Sunday, July 11, 2010

Printsy Interview - Anne Nydam


Brief Bio
I’ve been fooling around with arts and crafts my whole life. I majored in linguistics in college, then taught middle school art for ten years until the birth of my children. Since then I’ve been a stay-at-home mother, artist, writer, and very negligent housekeeper.

How did you get started in printmaking?
I’d made a few linoleum blocks for my family’s Christmas cards when I was in high school, but didn’t really fall in love with block printing until the carving rubber came out. One of the companies sent me a sample (because I was an art teacher) and it was so much more fun to carve than the old hard, dry linoleum I’d done before that it was a revelation. (That free sample was probably their best advertising dollar ever!) Besides, block printing can be done in a small space with relatively inexpensive materials, and in small chunks of time, all factors that were necessary for me if I was going to be able to do any art.

Describe where you work.
I have the luxury of a table dedicated to projects, in a room with lovely sunny windows. When my children were babies I did all my work during naptime and bedtime. Now that they’re older I work while they’re at school.

What's your favourite printmaking process?
Mostly I do rubber block relief prints. I enjoy wood blocks, too, but the rubber is probably my favorite.

What's your creative process for any given print? (eg. sketch first? Pre-planned or free-form?)
I always start by sketching. Often I use photographs for research and reference, while other things come straight from my imagination. With the rubber I can transfer a pencil sketch onto the block, which gives me a lot of flexibility in getting the design the way I want it. (With wood I have to sketch directly on the block, and backwards.) I don’t necessarily draw out every detail, but I’ve developed a sort of shorthand in my sketches so that it’s like making notes for myself about how I want to carve different areas. Then, of course, comes the carving. When I’m nearly finished I use a regular stamp pad to print a rough version so I can see what I need to tweak before the real printing. I have a small press, but most of the time I just use the back of a wooden spoon to press with.

What do you enjoy most about printmaking?
I love that the finished print isn’t the same as what I drew. There’s always suspense and then a surprise when I pull that first one. I also appreciate that I get multiples, so I can give one of everything to my parents, and still sell the others. My favorite part of the process is the carving.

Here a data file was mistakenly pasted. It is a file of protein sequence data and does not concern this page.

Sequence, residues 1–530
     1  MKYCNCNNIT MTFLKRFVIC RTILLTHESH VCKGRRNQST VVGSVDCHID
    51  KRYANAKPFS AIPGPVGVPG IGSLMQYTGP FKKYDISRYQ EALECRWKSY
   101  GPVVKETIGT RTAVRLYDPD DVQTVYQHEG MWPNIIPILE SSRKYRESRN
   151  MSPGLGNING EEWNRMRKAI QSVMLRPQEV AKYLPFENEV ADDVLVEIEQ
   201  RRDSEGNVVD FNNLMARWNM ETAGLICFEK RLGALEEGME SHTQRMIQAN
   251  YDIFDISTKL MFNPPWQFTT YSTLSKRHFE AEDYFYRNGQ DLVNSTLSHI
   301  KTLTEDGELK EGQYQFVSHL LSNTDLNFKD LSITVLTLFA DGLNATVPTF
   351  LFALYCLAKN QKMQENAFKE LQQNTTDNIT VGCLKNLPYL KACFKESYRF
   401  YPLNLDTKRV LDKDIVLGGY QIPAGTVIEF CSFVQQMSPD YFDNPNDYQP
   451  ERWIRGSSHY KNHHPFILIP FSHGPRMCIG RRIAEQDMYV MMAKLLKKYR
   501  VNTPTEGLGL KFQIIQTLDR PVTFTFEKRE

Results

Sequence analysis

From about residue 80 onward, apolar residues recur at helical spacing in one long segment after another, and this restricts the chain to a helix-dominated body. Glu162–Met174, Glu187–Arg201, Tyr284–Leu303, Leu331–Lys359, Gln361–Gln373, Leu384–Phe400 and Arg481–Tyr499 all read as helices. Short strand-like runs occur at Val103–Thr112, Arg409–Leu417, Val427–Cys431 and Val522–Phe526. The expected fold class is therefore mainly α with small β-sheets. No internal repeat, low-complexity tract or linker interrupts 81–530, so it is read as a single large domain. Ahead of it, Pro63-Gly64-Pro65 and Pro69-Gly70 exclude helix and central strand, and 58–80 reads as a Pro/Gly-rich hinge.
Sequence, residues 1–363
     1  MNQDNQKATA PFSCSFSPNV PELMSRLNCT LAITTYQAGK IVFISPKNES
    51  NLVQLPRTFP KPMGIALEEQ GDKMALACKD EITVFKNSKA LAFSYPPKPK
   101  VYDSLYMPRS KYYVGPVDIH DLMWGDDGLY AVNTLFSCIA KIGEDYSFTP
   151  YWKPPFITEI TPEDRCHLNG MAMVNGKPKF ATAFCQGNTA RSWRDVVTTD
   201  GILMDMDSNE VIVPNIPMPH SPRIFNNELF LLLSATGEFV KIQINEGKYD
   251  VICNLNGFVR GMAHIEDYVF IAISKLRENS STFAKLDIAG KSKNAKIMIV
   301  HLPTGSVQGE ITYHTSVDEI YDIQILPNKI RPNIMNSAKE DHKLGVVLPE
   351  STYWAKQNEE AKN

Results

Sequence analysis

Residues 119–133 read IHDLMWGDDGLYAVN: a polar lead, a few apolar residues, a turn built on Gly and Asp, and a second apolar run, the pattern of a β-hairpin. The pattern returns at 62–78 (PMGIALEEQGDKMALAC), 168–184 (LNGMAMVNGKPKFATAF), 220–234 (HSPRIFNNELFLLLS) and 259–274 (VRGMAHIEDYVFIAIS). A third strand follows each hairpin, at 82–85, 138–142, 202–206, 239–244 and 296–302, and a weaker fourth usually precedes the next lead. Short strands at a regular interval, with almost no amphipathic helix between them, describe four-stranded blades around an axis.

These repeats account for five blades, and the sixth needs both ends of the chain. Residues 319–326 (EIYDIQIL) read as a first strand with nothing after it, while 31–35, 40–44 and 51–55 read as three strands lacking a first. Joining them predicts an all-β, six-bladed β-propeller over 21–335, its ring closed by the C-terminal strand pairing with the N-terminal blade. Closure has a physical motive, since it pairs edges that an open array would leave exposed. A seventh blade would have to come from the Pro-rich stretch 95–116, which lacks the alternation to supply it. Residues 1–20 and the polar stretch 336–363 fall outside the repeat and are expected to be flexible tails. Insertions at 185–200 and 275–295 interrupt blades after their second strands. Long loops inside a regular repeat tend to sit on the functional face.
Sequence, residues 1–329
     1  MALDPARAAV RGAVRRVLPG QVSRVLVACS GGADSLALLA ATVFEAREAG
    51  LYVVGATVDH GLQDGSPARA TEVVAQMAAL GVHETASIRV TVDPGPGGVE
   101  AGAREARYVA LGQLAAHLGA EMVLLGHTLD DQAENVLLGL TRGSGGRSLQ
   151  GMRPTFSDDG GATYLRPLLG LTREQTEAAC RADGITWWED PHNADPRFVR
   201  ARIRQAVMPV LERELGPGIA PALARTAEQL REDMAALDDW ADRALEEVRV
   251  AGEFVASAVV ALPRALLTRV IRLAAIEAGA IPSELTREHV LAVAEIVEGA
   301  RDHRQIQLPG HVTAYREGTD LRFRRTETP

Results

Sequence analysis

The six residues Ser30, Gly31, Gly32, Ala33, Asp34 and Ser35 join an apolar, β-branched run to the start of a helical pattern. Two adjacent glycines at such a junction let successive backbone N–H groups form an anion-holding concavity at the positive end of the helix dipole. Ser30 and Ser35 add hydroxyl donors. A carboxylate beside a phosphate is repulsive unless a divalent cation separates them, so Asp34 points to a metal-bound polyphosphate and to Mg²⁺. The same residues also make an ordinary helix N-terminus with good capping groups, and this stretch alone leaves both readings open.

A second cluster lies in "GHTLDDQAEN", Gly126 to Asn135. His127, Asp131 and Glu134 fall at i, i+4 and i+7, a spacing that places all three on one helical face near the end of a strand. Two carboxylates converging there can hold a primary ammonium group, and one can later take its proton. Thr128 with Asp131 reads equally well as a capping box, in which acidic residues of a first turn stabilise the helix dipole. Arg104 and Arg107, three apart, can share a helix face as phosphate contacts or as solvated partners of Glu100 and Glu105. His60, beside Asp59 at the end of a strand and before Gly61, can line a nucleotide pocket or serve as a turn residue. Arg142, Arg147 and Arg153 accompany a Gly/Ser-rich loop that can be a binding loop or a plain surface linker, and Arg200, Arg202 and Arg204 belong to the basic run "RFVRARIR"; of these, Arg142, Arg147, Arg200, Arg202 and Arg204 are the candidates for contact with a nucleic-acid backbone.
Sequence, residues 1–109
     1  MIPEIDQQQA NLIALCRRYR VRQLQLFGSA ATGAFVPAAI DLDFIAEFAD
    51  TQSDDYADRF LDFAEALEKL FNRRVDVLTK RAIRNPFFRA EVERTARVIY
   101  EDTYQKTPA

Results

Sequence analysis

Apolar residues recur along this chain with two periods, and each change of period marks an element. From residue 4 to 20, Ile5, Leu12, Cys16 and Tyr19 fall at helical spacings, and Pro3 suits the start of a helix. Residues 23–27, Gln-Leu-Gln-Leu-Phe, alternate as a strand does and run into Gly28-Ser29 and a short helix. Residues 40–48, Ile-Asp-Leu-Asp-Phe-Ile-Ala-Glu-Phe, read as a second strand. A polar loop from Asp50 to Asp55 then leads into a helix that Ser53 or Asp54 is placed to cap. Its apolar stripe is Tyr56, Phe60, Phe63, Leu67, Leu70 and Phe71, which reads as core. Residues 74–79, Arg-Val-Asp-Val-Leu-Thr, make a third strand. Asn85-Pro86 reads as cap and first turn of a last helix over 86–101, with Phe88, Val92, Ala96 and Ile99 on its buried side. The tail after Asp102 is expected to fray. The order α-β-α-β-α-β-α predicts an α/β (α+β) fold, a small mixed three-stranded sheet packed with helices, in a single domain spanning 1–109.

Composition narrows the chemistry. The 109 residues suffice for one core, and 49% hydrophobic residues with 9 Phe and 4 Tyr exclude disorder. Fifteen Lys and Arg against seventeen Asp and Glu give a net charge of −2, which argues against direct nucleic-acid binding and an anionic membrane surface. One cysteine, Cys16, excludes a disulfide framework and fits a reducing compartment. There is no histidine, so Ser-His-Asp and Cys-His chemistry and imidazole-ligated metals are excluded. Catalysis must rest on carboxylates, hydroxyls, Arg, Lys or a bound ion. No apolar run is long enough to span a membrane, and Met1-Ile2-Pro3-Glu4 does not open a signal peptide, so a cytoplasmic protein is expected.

What's your least favorite part of the process?
Printing an entire edition. I never make editions of more than about 15 because I get bored after the first few.

What are your inspirations (other artists, people, places, events, etc.)?
I love plants and animals, industrial sites, fairy tales and nursery rhymes… Actually I’m interested in all kinds of things, so inspiration can come from anywhere. (I enjoy other artists’ work, and often envy it, but it seldom translates into making something of my own.)

How has your work changed and evolved since you started?
I’ve been a bit more willing to experiment; I’ve done both much simpler designs and much more detailed designs. My sketches have gotten less detailed. But in many ways I’m still coming back over and over to a lot of the same ideas and inspirations I’ve been interested in all along.

How do you get past creative slumps?
Sometimes I just wait them out – I’m also a writer, so I can immerse myself in that for a while. Other times I set myself an assignment. For example, I’ve just finished an animal for every letter of the alphabet, which got me making all sorts of things I never would have come up with otherwise – a yapok, for example.

How do you promote your work?
Not very well. Every year I do about two Open Studio shows and try to have at least one show in a local venue such as a library. These are a lot of fun and I see tons of people, but the rest of the time I don’t do much of anything. I really do not have the right personality for self-promotion.

Any other comments or advice for others who want to try making hand-pulled prints?
You can start by carving a plain white rubber art eraser and printing with a stamp pad. If you cut yourself a square to work with, then you can carve almost anything - no matter how random or “messed up” - and if you print in a sort of tile pattern it’s guaranteed to look cool. It’s so easy to get started, what have you got to lose? Just sit down and give it a try!

1 comment:

Ellen Shipley said...

Wow, that's incredibly detailed for rubber stamps! I had no idea you could do such fine work with soft media. Very impressive.